Frederick the Great (1712-1786)
Imagine a political leader today who insisted on hiring and performing with the world’s best composer-musicians, building a state-of-the-art opera theatre and always being in the audience? No, I can’t either, but Prussia’s Frederick the Great – at least in his ‘Enlightened’ period 1740-60 – did it all, even providing the great JS Bach with his theme for A Musical Offering. Johann Joachim Quantz wrote hours of flute music for ‘Old Fritz’ to perform, while Frantisek Benda and CPE Bach took on strings and keyboard. The king himself was a dab hand at the trio sonata, penning a few ‘galant’ numbers in between invading Silesia and Poland, organizing indirect taxation and transforming the Prussian military into one of Europe’s most feared forces.
Jan Ignacy Paderewski (1860-1941)
Great musicians have often used their celebrity for political protest – just think of Casals, Rostropovich and Barenboim – but it’s rare for one to take up the role of Prime Minister and to play such a key role in securing a country’s independence. In the late 19th century Paderewski inspired an almost mystical devotion among audiences as a globe-trotting virtuoso. His opera Manru (1901) and Symphony in B minor Polonia (1909) are both deeply patriotic works. He became a member of the Polish National Committee in World War 1 and represented his country to Woodrow Wilson in 1918, persuading him to take on a commitment to Polish independence as part of the Treaty of Versailles. He was Prime Minister and Minister of Foreign Affairs for a single year in 1919, then Polish Ambassador to the League of Nations. In World War II he headed up the Polish National Council of the exiled government, until his death in 1940.
Ted Heath (1916-2005)
Conservative MP (and Prime Minister 1970-4) Ted Heath would probably have preferred to spend his life conducting an obedient orchestra than grappling with intransigent unions, the minefield of a hung parliament and the ambitions of Margaret Thatcher. His talents, though, were limited, and we have Sir Hugh Allen to thank for steering the undergraduate Heath towards politics (journalist Alexander Chancellor recalled seeing a French newspaper in the late 1970s after Heath had conducted the European Union Youth Orchestra which read ‘Heath a massacré Mozart’.) Surely he was the last Prime Minister to have had a Steinway grand wheeled into No. 10, played the organ at Holy Trinity Brompton, hosted the likes of Menuhin, Stern and Clifford Curzon at Chequers, or to have conducted the LSO in Elgar’s Cockaigne Overture?
Vytautas Landsbergis (1932-)
There can’t be many professors of music history who have also had a hand in drafting a new constitution for their nation. Landsbergis, currently Chairman of Lithuania’s Conservative Party and member of the European Parliament, was Lithuania’s first head of state following its independence declaration. He graduated in the 1950s as a pianist and musicologist, eventually becoming Professor of Music History. He joined the independence lobby, Sajudis, in 1989 and the following year was elected in the first free elections, and not only chaired the commission drafting Lithuania’s new constitution but the delegation that negotiated the Soviet withdrawal. Now he’s a member of the European Parliament and heads up the Lithuanian Conservative Party. With a pianist wife, two musician daughters, and a film-making, song-writing son, Landsbergis remains a musical force in Vilnius.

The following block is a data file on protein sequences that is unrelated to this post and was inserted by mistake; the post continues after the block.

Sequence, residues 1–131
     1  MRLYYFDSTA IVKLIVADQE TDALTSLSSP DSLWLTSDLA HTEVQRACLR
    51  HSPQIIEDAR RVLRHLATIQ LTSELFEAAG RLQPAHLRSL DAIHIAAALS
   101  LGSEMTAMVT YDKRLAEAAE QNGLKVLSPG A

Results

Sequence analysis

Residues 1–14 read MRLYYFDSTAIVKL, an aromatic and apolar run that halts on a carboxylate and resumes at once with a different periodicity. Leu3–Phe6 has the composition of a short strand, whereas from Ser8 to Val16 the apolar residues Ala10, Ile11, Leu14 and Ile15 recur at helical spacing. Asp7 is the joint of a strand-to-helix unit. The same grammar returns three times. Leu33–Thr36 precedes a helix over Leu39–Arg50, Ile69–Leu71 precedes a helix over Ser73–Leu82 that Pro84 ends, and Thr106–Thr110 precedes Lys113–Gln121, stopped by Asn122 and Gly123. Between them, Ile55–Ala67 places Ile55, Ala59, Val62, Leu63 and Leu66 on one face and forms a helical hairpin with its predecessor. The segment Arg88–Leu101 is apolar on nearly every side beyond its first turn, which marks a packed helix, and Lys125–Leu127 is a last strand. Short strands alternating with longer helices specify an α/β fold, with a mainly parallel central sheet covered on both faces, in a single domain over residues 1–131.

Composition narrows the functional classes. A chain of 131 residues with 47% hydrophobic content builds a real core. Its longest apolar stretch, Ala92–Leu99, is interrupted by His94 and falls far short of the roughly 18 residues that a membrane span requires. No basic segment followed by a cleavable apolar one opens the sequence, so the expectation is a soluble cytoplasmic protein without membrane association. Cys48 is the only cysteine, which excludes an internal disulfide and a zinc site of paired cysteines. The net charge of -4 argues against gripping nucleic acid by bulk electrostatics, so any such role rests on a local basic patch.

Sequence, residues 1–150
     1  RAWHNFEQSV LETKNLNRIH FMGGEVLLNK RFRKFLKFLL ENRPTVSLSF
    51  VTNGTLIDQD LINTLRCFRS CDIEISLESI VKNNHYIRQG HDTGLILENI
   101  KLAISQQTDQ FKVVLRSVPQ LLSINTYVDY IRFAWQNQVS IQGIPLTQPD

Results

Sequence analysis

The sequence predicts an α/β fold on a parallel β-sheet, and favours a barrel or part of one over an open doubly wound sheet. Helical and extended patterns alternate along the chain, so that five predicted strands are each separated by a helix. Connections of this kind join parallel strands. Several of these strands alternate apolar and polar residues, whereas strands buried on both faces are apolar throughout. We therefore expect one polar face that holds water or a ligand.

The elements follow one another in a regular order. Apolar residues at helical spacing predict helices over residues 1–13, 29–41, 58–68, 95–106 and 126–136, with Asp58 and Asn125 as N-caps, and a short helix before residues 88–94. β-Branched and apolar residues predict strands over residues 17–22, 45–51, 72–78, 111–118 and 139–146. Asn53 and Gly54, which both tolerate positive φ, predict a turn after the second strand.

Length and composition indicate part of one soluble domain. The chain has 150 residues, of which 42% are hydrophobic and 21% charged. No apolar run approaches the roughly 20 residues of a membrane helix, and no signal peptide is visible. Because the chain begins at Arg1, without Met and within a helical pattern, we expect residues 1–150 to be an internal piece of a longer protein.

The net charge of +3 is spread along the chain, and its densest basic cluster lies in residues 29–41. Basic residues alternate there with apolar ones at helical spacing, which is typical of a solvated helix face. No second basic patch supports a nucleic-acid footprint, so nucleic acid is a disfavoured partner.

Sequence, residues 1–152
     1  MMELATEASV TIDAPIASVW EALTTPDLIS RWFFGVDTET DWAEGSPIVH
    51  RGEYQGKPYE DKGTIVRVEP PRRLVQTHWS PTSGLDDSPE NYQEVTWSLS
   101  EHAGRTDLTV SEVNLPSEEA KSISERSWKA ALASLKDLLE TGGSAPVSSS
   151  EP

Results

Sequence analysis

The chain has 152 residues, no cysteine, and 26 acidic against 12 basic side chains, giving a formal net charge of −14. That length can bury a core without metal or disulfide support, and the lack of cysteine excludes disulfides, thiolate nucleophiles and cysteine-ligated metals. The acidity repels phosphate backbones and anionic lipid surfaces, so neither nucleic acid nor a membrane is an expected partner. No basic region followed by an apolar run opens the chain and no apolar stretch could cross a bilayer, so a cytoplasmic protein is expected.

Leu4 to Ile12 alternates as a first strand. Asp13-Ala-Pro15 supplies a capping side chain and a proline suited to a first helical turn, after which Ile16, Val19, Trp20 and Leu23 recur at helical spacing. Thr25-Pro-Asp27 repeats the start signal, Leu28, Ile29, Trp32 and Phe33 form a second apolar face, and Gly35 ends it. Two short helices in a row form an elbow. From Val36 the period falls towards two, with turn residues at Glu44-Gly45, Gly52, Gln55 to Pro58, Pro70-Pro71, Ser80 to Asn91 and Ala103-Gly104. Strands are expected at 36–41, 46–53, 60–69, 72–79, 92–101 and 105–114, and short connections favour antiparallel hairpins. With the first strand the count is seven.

Condoleeza Rice (1954-)
‘Condi’ was the first African-American female Secretary of State – and the first to perform with Yo-Yo Ma and Aretha Franklin (not at the same time). She always intended to be a pianist and made her concerto debut in Denver at 15, but encounters with greater talents at Aspen Music Festival persuaded her to go into international relations. She was National Security Advisor (2001-5) and then Secretary of State (2005-9) under the Bush administration, and is now back being Professor of Political Science at Stanford University. Even when she in Washington she had a regular chamber music group in led by violinist Soye Kim, and often performed what’s known as ‘Condi’s piece’, Brahms’s F minor Piano Quintet. As she said in a New York Times interview, ‘When you're playing there is only room for Brahms. It’s the time I’m most away from myself, and I treasure it.’ Her dream? To learn Brahms’s Second Piano Concerto. Watch this space.
Ivo Josipovic (1957-)
Josipovic is the only actual President on our list – of Croatia between 2010-2015. This energetic legal expert and award-winning composer played a key role in the democratic transformation of the League of Communists of Croatia into the Social Democratic Party. He went from teaching Harmony at the Zagreb Academy of Music to promulgating it in the rather more testing environment of a post-Communist, post-civil war government. He directed the Music Biennale Zagreb of contemporary music and has over 50 compositions to his name (check out his ebullient Samba da Camera on Youtube). On becoming president he announced he was going to write an opera on the death of John Lennon; so far the day- job has rather got in the way…